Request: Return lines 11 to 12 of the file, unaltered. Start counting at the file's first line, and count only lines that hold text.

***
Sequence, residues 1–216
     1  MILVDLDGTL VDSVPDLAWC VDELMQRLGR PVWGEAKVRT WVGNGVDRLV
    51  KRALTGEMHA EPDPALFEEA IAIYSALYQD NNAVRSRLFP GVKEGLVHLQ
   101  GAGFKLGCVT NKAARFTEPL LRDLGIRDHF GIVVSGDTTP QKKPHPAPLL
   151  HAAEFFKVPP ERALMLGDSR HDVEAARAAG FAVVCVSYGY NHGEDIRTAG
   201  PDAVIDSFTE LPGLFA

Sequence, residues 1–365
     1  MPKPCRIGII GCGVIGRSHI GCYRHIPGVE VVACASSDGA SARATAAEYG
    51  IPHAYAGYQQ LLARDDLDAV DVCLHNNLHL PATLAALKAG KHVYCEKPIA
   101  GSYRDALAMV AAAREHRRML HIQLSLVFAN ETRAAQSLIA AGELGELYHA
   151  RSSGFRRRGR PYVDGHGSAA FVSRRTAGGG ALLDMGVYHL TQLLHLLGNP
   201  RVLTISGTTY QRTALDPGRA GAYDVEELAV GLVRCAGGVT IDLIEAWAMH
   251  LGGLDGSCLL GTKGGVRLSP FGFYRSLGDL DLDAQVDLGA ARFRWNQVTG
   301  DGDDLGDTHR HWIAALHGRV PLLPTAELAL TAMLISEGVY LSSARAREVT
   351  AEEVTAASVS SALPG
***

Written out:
   151  RSSGFRRRGR PYVDGHGSAA FVSRRTAGGG ALLDMGVYHL TQLLHLLGNP
   201  RVLTISGTTY QRTALDPGRA GAYDVEELAV GLVRCAGGVT IDLIEAWAMH